Though JS did not dictate or revise any of the text recorded in B-1, Willard Richards and Thomas Bullock chose to maintain the first-person, chronological narrative format established in A-1 as if JS were the author. They drew from a variety of primary and secondary sources including JS’s diaries and letters, minutes of meetings, the first edition of the Doctrine and Covenants, church and other periodicals, reports of JS’s discourses, and the reminiscences and recollections of church members. As was the case with A-1, after JS’s death, Brigham Young, Heber C. Kimball, George A. Smith, and others modified and corrected the manuscript as they reviewed material before its eventual publication.4

The manuscript history describes Section 113 by a heading omitted in the Doctrine and Covenants, “Questions and on Scripture,” but there is a marginal note, in what may be Richard’s handwriting, that says “Questions on Scripture.” The transcription of the record found in the Joseph Smith Papers is reformatted for easy reading as follows (the guillemets indicate marginal notes or interlineated text):

Questions and on Scripture.
< Questions on Scripture > [Marginal note.] Who is the Stem of Jesse, spoken of in the 1, 2, 3, 4, < & > 5th verses of the 11. chapter of Isaiah? Christ.

< answer. > [Marginal note.] Verily thus saith the Lord, it is Christ.

What is the Rod spoken of in the first verse of the 11th chap. of Isaiah that should come, of the stem of Jesse? [HC 3:9]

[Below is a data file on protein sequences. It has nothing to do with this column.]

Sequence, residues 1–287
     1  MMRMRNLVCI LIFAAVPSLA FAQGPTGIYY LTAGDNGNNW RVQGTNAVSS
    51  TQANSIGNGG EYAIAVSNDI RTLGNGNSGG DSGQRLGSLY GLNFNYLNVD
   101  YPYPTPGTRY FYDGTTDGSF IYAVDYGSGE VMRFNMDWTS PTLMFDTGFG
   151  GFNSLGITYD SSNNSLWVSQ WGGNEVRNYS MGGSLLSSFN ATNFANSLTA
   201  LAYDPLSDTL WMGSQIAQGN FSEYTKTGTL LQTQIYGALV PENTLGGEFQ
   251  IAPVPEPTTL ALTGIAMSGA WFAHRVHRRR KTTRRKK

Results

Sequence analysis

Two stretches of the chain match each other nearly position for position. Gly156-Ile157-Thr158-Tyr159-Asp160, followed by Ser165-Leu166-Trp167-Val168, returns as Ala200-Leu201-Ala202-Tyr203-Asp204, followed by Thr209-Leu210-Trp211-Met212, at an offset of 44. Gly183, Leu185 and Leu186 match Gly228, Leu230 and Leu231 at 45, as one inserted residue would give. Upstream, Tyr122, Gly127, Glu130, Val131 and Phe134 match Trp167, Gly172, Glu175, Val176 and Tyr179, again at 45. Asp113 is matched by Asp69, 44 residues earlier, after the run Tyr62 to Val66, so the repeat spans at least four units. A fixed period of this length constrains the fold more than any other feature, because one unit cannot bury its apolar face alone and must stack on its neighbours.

Behold! thus saith the Lord. It is a Servant in the hands of Christ. who is partly a descendant of Jesse, as well as of Ephraim, or of the house of Joseph on whom there is laid much power.

What is the Root of Jesse spoken of in the 10th verse of the 11th chapter?

Behold thus saith the Lord. It is a descendant of Jesse as well as of Joseph, unto whom rightly belongs the priesthood, and the keys of the kingdom for an ensign, and for the gathering of my people in the last days.

< Questions by Elias Higby [Higbee] as follows. > [Martinal note.]

What is meant by the command in Isaiah 52d Chapter 1st verse, which saith put on thy strength O, Zion, and what people had Isa. reference to?

He had reference to those whom God should call in the last days. who should hold the power of Priesthood to bring again Zion, and the redemption of Israel: And to put on her strength is to put on the authority of the priesthood, which she (Zion) has a right to by lineage; Also to return to that power which she had lost.